Aim of the exercise safely achieved with frequent minor but no major variations from the ideal. Or Aim of the exercise safely achieved. Performance includes not more than one major variation from the ideal and may include frequent minor variations from the ideal.
Aim of exercise safely achieved in a rough manner. Performance includes more than one major variation from the ideal and indicates a level of skill or knowledge, which results in a marginally acceptable performance.
Any one of the following will result in an assessment of fail:
Written remarks are required when awarding a flight test exercise a mark of 2 or less. The remarks should be clear and concise and in the case of an exercise assessed as:
Grades AS / Above Standard reflect the major variation(s) from the Acceptable Performance for the exercise as outlined in the appropriate flight test standards; S / Satisfactory reflects to the outlined flight test standard, BS / Below standard reflects that major parts of the test are stated as Satisfactory, but some parts are only accepted in a marginal manner. US / Unsatisfactory reflect the appropriate item or items that result in an assessment of fail as listed in the Grading Scale section of the flight test Standard(s).
During a flight test, it is sometimes difficult to write clear and concise remarks. It is recommended that examiners use notes made during the flight test to complete a final copy of the Flight Test Report. This provides the examiner with the opportunity of referencing the appropriate flight test standards while writing final comments.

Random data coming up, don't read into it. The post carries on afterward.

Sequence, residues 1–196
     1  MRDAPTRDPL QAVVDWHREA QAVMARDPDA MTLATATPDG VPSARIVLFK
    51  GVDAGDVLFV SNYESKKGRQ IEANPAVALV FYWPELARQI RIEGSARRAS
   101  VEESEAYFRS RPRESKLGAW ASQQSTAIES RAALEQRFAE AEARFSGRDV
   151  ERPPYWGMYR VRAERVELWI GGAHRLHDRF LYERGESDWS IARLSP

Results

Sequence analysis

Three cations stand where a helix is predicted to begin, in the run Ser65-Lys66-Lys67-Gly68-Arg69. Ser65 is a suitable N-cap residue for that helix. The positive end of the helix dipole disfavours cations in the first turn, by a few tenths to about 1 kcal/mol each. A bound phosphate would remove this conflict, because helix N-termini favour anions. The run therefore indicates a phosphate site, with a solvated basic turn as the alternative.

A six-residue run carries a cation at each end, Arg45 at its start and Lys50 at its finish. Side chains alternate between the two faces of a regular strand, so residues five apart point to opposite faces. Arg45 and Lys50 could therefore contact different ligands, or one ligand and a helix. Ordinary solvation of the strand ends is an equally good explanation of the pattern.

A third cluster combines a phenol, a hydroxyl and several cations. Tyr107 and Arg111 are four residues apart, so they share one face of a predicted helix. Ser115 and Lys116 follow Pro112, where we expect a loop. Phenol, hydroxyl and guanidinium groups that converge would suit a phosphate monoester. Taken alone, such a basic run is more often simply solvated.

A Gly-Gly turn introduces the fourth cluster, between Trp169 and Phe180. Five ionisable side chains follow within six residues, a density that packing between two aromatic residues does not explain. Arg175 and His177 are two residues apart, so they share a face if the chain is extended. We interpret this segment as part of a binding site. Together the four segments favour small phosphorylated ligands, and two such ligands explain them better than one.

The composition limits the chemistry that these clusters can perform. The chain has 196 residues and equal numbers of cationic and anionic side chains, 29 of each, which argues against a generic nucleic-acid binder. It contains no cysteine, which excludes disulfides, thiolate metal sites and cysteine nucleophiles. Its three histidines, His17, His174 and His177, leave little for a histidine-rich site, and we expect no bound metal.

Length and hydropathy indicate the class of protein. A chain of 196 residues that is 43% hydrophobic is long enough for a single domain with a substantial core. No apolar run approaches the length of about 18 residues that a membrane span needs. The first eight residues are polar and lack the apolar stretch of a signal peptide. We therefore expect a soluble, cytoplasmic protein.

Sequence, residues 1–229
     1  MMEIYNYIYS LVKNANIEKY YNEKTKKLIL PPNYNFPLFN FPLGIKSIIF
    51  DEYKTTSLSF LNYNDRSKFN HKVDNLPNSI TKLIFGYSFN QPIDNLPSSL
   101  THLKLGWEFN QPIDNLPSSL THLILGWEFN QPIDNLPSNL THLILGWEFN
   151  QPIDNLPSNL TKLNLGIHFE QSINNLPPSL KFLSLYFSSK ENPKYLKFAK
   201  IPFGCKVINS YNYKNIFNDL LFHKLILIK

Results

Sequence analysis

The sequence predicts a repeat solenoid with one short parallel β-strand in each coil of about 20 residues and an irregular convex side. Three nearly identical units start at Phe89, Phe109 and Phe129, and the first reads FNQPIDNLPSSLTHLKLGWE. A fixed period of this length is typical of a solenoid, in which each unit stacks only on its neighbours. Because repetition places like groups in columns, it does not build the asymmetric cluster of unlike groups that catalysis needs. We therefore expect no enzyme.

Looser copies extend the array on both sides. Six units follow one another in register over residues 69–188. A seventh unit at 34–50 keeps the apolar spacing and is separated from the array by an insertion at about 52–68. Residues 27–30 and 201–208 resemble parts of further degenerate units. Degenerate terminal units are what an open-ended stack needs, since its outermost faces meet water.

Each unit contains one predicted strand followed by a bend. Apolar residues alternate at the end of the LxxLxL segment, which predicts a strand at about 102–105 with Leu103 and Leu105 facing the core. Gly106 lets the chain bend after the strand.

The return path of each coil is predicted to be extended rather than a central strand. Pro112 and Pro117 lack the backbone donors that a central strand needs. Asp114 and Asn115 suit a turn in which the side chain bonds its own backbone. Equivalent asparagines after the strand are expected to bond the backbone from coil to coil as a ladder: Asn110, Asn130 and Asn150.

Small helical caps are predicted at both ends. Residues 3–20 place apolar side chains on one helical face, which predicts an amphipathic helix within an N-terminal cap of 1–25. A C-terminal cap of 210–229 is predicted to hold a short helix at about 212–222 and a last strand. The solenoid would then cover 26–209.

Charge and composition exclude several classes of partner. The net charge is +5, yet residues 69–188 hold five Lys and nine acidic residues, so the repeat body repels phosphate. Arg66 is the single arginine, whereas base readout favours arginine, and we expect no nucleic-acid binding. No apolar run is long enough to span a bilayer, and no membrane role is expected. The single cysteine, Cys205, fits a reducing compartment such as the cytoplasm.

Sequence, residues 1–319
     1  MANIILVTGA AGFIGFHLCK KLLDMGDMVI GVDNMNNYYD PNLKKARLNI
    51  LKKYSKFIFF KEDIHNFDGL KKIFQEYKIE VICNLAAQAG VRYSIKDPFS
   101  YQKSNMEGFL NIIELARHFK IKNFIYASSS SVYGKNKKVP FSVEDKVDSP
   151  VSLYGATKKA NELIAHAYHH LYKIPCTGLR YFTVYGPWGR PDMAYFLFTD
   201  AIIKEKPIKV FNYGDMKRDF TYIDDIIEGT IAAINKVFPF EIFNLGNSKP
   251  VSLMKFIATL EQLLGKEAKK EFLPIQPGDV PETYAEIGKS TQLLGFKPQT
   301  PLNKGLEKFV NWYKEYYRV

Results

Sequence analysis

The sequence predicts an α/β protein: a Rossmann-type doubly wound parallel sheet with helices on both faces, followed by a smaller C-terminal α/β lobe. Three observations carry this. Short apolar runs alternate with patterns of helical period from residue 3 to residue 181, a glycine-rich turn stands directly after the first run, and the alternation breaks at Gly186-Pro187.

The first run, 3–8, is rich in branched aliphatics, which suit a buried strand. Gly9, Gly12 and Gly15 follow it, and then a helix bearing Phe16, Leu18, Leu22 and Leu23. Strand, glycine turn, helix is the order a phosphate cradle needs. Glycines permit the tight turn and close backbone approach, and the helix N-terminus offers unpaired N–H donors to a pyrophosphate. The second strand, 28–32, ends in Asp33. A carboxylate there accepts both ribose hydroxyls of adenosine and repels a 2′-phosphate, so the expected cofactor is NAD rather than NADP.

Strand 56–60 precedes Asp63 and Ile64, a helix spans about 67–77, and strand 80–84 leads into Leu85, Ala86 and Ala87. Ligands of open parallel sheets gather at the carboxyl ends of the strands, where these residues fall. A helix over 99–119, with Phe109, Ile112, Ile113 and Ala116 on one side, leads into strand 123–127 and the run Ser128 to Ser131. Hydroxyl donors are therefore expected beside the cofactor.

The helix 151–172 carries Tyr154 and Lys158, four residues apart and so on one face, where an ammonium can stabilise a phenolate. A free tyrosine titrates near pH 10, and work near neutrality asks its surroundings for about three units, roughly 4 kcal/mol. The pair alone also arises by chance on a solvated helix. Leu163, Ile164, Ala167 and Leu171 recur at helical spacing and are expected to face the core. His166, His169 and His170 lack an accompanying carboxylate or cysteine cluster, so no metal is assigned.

The ability of an applicant to safely perform the required assignments is based on:
Unsatisfactory Performance: Consistently exceeding the relevant tolerances stated in Module 5, or failure to take prompt, corrective action when tolerances are exceeded is indicative of unsatisfactory performance. The tolerances represent the performance expected in good flying conditions. Any action or lack thereof, by the applicant, who requires corrective intervention by the examiner to maintain safe flight, shall be disqualifying.
If a repeat item is not clearly satisfactory, the examiner shall consider it unsatisfactory
3.2.11 Post flight - debrief
Post flight procedures will require accurate assessment of the flight and communication to the applicant of his result. The examiner must:
Having completed the flight and the administration the examiner may then offer guidance on any aspect of the flight.
The following points may be discussed: